Acetaminophen, the widely used fever and pain reliever found in Tylenol, can cause serious skin reactions, warns the U.S. Food and Drug Administration (FDA).

The medication has been linked to three specific skin diseases: Stevens-Johnson syndrome, toxic epidermal necrolysis, and acute generalized exanthematous pustulosis.

Stevens-Johnson syndrome is a skin disorder that causes the top layer of your skin to die and shed. It can be deadly, so symptoms (rash, blisters, pain, etc.) must be treated as soon as possible. Toxic epidermal necrolysis is similar to Stevens-Johnson syndrome. It is a disorder of the skin that causes blisters to cover a substantial part of one's body and can cause the body's mucus membranes to react, especially around the eyes. Many people with toxic epidermal necrolysis begin to manifest with conjuncitivitis. Acute generalized exanthematous pustulosis is the least life-threatening of the three, with prognosis for full recovery "excellent," according to the National Institutes of Health. It, too, is characterized by a rash.

The FDA wants to be sure to emphasize that the occurrence of these skin reactions is rare, but that people should be aware of any changes in their skin health after using acetaminophen and consult a medical professional right away.

"This new information is not intended to worry consumers or health care professionals, nor is it meant to encourage them to choose other medications," said Dr. Sharon Hertz, deputy director of FDA's Division of Anesthesia, Analgesia and Addiction. "However, it is extremely important that people recognize and react quickly to the initial symptoms of these rare but serious, side effects, which are potentially fatal."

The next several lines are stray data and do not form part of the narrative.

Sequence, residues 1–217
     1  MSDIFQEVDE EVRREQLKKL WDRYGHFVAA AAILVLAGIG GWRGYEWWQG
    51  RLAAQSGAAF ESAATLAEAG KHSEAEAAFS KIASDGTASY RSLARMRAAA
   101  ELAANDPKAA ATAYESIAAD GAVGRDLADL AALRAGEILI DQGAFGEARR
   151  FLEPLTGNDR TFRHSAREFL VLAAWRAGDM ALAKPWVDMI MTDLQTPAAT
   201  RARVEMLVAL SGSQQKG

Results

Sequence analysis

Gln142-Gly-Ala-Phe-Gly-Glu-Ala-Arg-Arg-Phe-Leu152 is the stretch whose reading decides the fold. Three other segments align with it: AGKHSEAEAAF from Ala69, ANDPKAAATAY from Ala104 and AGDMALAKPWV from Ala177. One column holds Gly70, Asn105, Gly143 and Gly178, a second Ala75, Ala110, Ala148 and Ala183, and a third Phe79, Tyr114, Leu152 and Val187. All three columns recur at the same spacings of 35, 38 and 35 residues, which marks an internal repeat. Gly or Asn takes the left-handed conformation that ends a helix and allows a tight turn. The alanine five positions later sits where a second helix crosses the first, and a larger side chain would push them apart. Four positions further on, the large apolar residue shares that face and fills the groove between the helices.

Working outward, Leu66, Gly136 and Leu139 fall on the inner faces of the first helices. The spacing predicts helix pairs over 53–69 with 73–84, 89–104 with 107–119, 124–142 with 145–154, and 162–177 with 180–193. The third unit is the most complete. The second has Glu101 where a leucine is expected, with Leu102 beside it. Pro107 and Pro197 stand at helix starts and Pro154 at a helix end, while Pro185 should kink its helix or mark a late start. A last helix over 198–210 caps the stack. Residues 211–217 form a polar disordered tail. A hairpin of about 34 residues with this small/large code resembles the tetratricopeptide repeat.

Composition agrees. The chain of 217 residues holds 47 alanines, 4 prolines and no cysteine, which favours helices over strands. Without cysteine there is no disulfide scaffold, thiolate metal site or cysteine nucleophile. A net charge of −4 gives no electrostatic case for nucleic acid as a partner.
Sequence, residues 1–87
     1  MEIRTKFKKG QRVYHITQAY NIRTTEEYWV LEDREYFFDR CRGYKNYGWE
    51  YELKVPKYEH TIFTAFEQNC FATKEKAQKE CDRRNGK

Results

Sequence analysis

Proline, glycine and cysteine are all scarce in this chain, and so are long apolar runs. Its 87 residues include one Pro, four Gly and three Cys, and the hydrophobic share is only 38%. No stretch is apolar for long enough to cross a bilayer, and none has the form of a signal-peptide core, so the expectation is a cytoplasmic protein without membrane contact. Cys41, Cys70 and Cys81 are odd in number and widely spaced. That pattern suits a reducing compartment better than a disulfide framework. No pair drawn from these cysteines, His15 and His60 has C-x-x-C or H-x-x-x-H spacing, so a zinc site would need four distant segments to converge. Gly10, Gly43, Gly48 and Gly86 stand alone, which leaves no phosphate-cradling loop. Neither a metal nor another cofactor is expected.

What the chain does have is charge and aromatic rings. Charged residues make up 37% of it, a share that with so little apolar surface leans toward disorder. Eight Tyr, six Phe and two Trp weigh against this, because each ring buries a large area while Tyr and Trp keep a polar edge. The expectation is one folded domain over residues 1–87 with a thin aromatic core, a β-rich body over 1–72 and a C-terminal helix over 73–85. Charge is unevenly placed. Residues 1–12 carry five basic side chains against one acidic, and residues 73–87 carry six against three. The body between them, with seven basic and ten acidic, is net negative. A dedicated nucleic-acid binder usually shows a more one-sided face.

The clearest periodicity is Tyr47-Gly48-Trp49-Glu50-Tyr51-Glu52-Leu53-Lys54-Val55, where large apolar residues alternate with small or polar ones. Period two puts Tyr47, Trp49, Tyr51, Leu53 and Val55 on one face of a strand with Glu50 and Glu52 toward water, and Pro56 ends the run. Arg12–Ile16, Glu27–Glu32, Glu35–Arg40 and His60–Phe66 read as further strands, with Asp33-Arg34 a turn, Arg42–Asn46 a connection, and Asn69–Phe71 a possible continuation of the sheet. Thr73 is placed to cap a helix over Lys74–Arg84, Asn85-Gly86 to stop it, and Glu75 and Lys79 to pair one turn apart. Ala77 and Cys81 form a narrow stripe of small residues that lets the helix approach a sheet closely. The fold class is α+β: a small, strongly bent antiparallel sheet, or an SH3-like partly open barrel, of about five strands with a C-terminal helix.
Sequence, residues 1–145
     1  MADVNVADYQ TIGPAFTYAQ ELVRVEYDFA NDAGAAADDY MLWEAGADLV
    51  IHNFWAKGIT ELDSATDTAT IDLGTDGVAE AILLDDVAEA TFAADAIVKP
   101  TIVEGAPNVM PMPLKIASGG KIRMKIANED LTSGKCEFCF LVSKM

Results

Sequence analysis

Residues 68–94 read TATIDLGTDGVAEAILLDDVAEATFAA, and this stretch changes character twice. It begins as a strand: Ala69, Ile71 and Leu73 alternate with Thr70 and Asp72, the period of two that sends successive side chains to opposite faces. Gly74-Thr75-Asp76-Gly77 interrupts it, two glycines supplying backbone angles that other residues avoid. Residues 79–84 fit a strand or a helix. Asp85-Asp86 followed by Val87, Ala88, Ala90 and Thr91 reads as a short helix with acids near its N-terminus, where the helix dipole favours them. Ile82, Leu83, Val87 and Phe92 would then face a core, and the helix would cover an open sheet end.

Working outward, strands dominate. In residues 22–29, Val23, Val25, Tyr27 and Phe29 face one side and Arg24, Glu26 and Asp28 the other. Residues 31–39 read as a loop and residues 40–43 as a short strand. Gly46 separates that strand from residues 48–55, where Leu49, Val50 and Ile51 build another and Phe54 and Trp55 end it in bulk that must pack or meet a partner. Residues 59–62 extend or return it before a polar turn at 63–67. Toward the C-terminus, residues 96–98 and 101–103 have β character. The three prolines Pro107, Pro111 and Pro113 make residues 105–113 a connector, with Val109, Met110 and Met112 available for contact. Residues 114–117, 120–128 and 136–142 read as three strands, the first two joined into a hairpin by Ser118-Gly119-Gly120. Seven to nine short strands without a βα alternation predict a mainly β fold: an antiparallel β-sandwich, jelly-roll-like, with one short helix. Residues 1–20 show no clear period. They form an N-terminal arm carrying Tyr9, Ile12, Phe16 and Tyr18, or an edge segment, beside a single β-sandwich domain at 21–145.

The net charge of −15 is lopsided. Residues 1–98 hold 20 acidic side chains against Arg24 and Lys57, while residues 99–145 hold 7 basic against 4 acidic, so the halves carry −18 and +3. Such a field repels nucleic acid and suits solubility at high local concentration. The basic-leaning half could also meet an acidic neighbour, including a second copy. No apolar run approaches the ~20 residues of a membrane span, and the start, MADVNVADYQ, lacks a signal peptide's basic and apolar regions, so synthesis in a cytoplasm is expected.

According to the Wall Street Journal, the FDA's research found 107 cases of severe skin reactions stemming from use of acetaminophen between 1969 and 2012. Of those 107 cases, 12 people died and 67 were hospitalized and successfully treated.

This is not the first time that acetaminophen has been linked to a severe health risk. In 2011, the FDA found a possible link between liver damage and the use of acetaminophen.

"FDA's actions should be viewed within the context of the millions who, over generations, have benefited from acetaminophen," said Hertz. "Nonetheless, given the severity of the risk, it is important for patients and health care providers to be aware of it."